To view the Federal Poverty Level (FPL) Guidelines and use an on-line calculator to determine your family’s FBL, please visit:

    MassHealth/CommonHealth: If your family income is greater than 150 percent of the federal poverty level and you have a child with a disability your family may choose to buy into the MassHealth system, even if you have private health insurance. This type of MassHealth is called CommonHealth. CommonHealth is a way to supplement private health insurance coverage for a child with a disability. You pay a premium based on your family income.  The premium may be eliminated if you are eligible for Premium Assistance, which is not based on income.  We encourage all families to first go through the CommonHealth application process for their child, and then apply for Premium Assistance to determine whether CommonHealth is a financially viable option for the family. To apply for Premium Assistance after your child is found eligible for CommonHealth, call (800) 862-4840.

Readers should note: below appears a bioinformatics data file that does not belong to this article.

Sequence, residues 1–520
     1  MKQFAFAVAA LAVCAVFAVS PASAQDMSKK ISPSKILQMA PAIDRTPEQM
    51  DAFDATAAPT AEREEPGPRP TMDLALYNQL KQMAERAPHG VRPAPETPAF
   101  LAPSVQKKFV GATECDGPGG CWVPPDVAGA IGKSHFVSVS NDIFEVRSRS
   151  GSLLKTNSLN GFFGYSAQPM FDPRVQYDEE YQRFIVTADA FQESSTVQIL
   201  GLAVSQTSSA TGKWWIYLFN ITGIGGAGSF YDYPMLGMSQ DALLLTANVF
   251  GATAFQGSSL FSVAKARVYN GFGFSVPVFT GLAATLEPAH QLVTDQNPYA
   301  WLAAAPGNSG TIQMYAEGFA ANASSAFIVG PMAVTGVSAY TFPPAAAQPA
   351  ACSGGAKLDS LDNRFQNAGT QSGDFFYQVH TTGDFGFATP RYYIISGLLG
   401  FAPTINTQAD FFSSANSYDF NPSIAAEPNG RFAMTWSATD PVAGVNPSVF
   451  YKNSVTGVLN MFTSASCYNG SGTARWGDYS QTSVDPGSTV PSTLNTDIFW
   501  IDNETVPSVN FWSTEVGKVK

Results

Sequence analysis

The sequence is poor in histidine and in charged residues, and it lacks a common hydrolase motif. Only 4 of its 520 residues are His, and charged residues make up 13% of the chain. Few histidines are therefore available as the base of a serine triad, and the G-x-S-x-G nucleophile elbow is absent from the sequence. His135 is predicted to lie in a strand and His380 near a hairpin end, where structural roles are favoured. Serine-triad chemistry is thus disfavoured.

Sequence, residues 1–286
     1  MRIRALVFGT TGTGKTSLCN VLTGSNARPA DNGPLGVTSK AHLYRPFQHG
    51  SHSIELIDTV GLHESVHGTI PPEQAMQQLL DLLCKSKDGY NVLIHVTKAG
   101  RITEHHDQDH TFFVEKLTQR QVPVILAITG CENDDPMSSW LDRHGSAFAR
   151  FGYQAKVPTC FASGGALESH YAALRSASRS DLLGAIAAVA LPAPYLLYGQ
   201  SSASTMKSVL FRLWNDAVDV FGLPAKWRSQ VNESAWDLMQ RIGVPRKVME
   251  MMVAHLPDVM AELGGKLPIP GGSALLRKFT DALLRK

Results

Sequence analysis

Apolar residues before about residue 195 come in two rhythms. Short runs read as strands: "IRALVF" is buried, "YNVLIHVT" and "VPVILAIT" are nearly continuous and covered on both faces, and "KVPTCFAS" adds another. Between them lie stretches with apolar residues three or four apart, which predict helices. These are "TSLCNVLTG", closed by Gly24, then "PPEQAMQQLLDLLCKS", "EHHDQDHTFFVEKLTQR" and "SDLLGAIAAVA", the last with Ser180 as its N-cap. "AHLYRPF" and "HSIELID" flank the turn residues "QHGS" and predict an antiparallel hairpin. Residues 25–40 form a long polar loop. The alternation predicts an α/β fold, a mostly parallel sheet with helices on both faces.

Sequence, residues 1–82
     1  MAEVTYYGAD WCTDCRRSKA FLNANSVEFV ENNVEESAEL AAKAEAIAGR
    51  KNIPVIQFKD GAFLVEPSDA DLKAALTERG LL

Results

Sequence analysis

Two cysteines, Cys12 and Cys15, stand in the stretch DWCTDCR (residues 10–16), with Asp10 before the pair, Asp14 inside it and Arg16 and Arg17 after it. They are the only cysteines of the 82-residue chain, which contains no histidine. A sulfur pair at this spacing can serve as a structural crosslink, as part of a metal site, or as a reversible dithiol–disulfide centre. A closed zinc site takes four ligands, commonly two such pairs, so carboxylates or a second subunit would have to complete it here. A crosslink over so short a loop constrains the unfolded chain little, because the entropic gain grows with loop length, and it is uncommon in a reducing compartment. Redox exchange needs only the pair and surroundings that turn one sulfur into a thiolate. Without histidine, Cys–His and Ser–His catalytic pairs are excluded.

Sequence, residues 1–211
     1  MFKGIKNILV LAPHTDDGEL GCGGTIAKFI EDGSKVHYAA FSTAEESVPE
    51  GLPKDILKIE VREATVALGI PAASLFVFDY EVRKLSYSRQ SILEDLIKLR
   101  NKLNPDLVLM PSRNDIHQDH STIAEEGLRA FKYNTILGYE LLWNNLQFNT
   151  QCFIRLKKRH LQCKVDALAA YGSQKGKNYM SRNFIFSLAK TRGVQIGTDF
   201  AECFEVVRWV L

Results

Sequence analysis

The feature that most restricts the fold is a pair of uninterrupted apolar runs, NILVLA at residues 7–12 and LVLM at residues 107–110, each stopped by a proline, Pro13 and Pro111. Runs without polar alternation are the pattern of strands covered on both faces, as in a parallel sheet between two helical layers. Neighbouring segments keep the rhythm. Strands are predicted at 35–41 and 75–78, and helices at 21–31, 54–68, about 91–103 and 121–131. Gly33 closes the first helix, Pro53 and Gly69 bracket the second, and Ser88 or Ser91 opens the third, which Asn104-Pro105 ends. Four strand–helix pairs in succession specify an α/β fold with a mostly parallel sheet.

Applying for MassHealth

    There are several way to apply for coverage under MassHealth or CommonHealth.:

    You can call 888-665-9993 and ask them to mail you all three items, or you can download them yourself:

    1. Call MassHealth Customer Service at 800-841-2900 and ask them to mail you the Application for Health Coverage and the Child Disability Supplement. When you receive them, follow the steps below.
    2. Or you can download the documents yourself from the links below:

    For help applying for MassHealth, CommonHealth, Premium Assistance , or if you have any questions, call the Massachusetts Family-to-Family Health Information Center at 1-800-331-0688 ext. 301. Or e-mail:

    If you need help completing the MassHealth application or Child Disability Supplement, call the Massachusetts Family-to-Family Health Information Center at 800-331-0688, ext. 301.

    NOTE: If your income is more than 150% FPL, you will receive a letter from MassHealth stating your child is denied because your income is too high. Don’t worry. All this means is that your child does not qualify for MassHealth Standard. MassHealth will still do a disability determination to see whether your child is eligible for CommonHealth.